„The third dimension of three-dimensional economics, change, suggests that studying economics also means studying history. The process of change in society cannot be understood without considering the past and how it changed, eventually becoming the present. Change in political economy may be contrasted with the static approach of conventional economics that freezes time at a moment.“

—  Samuel Bowles, p. 57
Publicidade

Citações relacionadas

Robert S. McNamara photo

„Management is the gate through which social and economic and political change, indeed change in every direction, is diffused through society.“

—  Robert S. McNamara American businessman and Secretary of Defense 1916 - 2009
Robert McNamara (1967); quoted in: Bruce Rich (1994) Mortgaging the Earth: The World Bank, Environmental Impoverishment and the Crisis of Development, p. 83

Publicidade
Gary L. Francione photo
Ha-Joon Chang photo

„Culture changes with economic development.“

—  Ha-Joon Chang Economist 1963
Ch. 9: 'Lazy Japanese and thieving Germans; Are some cultures incapable of economic development?', Lazy Japanese and thieving Germans, p. 196

Margaret Thatcher photo

„Economics are the method; the object is to change the heart and soul.“

—  Margaret Thatcher British stateswoman and politician 1925 - 2013
Interview for The Sunday Times (1 May 1981) http://www.margaretthatcher.org/speeches/displaydocument.asp?docid=104475

Ragnar Frisch photo

„Two important features in the modern development of economics are the application of mathematics to abstract economic reasoning... and the attempt at placing economics on a numerical and experimental basis by an intensive study of economic statistics.
Both these developments have a common characteristic: they emphasize the quantitative character of economics. This quantitative movement in our estimation is one of the most promising developments in modern economics. We also consider it important that the two aspects of the quantitative method referred to should be furthered, developed, and studied jointly as two integrating parts of economics.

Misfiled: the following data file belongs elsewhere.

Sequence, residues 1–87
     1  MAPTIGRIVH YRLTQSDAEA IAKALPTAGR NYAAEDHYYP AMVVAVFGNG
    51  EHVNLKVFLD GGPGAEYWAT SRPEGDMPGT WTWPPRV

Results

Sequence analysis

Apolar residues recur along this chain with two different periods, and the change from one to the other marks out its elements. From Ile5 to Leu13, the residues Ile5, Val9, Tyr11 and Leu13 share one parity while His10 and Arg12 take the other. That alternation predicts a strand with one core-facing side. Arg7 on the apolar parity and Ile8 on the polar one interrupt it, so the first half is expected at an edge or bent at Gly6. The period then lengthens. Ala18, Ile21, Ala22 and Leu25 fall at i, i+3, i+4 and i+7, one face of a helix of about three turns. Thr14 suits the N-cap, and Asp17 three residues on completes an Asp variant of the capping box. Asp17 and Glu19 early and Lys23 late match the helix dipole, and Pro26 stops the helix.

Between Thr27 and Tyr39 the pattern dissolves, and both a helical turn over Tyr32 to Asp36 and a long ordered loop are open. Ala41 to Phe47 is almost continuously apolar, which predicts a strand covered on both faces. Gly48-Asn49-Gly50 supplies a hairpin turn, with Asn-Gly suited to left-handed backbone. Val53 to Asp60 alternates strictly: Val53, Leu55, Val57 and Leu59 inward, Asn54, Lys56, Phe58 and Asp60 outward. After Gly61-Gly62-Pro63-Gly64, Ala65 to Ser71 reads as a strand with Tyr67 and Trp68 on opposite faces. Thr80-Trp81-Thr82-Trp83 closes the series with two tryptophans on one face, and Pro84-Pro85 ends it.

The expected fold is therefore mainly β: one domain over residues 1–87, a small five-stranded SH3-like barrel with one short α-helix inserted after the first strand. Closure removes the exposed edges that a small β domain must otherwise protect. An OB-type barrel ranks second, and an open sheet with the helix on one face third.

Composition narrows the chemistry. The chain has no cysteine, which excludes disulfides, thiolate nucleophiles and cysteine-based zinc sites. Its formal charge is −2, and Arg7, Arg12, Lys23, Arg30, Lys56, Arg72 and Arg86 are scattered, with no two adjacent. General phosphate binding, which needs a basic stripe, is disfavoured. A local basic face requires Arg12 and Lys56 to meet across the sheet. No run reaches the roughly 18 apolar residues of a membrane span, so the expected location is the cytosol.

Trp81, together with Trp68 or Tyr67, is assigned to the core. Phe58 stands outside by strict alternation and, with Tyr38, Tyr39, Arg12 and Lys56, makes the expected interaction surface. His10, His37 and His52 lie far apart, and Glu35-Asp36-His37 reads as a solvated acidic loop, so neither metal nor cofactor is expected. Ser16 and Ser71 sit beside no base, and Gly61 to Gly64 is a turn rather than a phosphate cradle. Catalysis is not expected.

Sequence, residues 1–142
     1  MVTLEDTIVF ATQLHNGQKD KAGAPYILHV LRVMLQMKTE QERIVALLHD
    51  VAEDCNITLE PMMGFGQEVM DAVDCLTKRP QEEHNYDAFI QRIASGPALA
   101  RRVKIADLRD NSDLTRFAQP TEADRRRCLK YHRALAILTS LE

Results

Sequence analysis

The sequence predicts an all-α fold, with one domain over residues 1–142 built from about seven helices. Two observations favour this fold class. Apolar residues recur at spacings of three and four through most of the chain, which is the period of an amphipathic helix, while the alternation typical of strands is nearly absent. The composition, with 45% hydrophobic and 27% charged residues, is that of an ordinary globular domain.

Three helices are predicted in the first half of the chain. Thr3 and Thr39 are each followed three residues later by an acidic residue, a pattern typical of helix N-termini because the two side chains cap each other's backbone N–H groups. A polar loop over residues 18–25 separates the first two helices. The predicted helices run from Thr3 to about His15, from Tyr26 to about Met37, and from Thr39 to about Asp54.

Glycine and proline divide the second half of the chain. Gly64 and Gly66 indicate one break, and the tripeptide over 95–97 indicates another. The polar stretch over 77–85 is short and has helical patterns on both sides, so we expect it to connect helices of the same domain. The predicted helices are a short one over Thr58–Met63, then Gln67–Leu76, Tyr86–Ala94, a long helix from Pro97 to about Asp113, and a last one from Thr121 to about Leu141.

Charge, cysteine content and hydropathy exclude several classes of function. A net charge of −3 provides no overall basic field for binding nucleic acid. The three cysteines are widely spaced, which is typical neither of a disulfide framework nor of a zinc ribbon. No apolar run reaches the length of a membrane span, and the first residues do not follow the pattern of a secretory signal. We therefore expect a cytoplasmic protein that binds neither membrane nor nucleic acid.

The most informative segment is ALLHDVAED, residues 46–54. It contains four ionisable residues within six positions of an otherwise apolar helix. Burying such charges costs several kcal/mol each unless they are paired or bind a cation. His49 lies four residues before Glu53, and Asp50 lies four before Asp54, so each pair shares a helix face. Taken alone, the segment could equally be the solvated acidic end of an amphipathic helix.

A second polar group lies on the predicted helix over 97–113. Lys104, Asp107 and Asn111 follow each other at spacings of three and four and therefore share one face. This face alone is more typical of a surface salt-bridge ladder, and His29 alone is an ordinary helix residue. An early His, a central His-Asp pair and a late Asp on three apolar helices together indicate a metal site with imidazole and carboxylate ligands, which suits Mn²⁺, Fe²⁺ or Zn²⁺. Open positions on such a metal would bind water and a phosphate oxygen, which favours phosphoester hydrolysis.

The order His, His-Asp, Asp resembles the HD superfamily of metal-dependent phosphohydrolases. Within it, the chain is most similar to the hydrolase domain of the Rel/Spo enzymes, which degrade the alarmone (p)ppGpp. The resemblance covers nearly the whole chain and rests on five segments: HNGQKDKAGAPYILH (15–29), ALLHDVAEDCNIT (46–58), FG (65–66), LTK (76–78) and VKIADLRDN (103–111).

We therefore venture to propose the establishment of an international periodical devoted to the advancement of the quantitative study of economic phenomena, and especially to the development of a closer relation between pure economics and economic statistics.
We believe that the scope of the new journal would be happily suggested if it is called "Oekonometrika". Accordingly, the quantitative study of economic phenomena here considered may be termed econometrics.“

—  Ragnar Frisch Norwegian economist 1895 - 1973
Frisch (1927) as quoted in Divisia 1953, pp.24-25; Cited in: Bjerkholt, Olav. " Ragnar Frisch and the foundation of the Econometric Society and Econometrica http://www.ssb.no/a/histstat/doc/doc_199509.pdf." ECONOMETRIC SOCIETY MONOGRAPHS 31 (1998): 26-57. Lead paragraph of a memorandum on the importance of establishing the journal "Oekonometrika"

Paul Mason (journalist) photo
K. R. Narayanan photo
Robert Costanza photo
Jimmy Carter photo

„We cannot change the history of the past.“

—  Jimmy Carter American politician, 39th president of the United States (in office from 1977 to 1981) 1924

John Kenneth Galbraith photo
Stephen Hawking photo

„The world has changed far more in the past 100 years than in any other century in history. The reason is not political or economic but technological — technologies that flowed directly from advances in basic science.“

—  Stephen Hawking British theoretical physicist, cosmologist, and author 1942
From Hawking's article A Brief History of Relativity http://www.time.com/time/magazine/article/0,9171,993018-6,00.html, in Time magazine (31 December 1999)

Edward Said photo

„In traditional economic writings dealing with the economy as a whole, it is usually assumed that prices are highly flexible and that economic adjustment is brought about through price changes. We are going to examine inflexible prices.“

—  Gardiner C. Means American economist 1896 - 1988
Gardiner C. Means, "Price inflexibility and the requirements of a stabilizing monetary policy." Journal of the American Statistical Association 30.190 (1935): 401-413.